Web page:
The latest manufacturer to show off an Android tablet at CES is Panasonic, whose Viera tablet will be released in three sizes: 4", 7" and 10". The three versions of the tablet, all physically identical except for the size, are all designed for use with a television, much akin to the recently announced Vizio phone and tablet.
Through Viera Connect, users will be able to stream movies on-demand and even use the screens on your TV and tablet together to watch sports at two different angles; naturally, the Viera tablet can also be used as a remote. Read More
Android isn't exactly the most media-centric smartphone OS, but that may change soon, with the introduction of Honeycomb and more third-party media stores (like Samsung's Media Hub).
The latest development comes from Comcast, who is, apparently, planning to bring both live and On Demand content to Android tablets (and iPads) across the nation. The company hasn't announced much yet, but from the looks of it, we can expect to see an app (or a tablet-optimized website) that will allow users to watch live news, TV shows, and movies right on their favorite Android tablet. Read More
Tunerfish, which dubs itself "a social discovery engine for TV, movies, and online video," released version 1.0 of its Android app to the Market today.
The idea behind Tunerfish is similar to the one behind 4square, only if you replaced locations with TV shows, movies, and online videos. In order to use Tunerfish, you can create an account or log in using Facebook or Twitter. Once logged in, you can:
- see what your friends are watching in real-time
- see what they were watching in the past
- check out trending shows, movies, and videos, i.e.
Looks like Google is hitting roadblocks at every turn with their eponymous TV hardware - which is really a shame, given just how much potential it seems to have. A few weeks ago, the major networks decided to start blocking Google TVs from accessing their content, whether it was via their proprietary feeds (i.e. ABC.com) or directly through Hulu. Just about the only method of streaming left was Fancast (which actually backdoors content from Hulu). Read More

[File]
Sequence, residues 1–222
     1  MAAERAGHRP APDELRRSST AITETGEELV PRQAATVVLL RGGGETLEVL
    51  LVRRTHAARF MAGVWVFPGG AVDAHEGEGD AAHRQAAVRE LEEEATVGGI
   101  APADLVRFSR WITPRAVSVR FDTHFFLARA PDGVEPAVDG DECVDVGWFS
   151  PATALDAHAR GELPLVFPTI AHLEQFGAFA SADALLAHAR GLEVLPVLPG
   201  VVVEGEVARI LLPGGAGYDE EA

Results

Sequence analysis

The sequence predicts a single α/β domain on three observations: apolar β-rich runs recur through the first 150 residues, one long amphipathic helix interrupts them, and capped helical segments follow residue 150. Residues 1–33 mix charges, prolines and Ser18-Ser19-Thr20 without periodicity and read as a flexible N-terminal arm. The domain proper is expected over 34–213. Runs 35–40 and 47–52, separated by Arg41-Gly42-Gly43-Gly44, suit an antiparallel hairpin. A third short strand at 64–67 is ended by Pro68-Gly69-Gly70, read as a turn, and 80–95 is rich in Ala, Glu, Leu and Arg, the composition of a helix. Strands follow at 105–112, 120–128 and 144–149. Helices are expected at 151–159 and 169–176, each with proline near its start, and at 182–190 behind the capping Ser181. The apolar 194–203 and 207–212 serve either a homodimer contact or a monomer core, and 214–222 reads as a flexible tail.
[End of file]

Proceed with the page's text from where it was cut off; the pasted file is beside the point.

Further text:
Google TV hasn't been in the wild for long, but major content providers like ABC, CBS, and NBC are already blocking their content from Google's awesome little TV companion. This, as you might have guessed, sucks.
With the advent of TV on the Internet, broadcasters have shown us time and time again that they just aren't ready to embrace the fact that we can get their content from sources other than our TVs. Read More
Sony's Crackle app has landed in the Android Market, and brings streaming of original shorts, TV shows, and movies to Android. The app is free, but requires a premium subscription to view TV shows and movies. At $5/month, the premium content isn't necessarily expensive, but after quickly running through the app, I'd have to say it's probably not worth it unless you're pretty desperate.
A word on the app itself: it's small, installs quickly, and runs smoothly. Read More
According to Google’s announcement today, it seems that content providers really, really like the idea of Google TV – which is a good sign, as content can often make or break new platforms. Specifically, Google say they've "been overwhelmed by interest from partners on how they can use the Google TV platform." And by "partners," they mean a fairly significant number of big players:
- Turner Broadcasting has been hard at work optimizing some of their most popular websites for viewing on Google TV, including TBS, TNT, CNN, Cartoon Network and Adult Swim, available anytime through Google TV.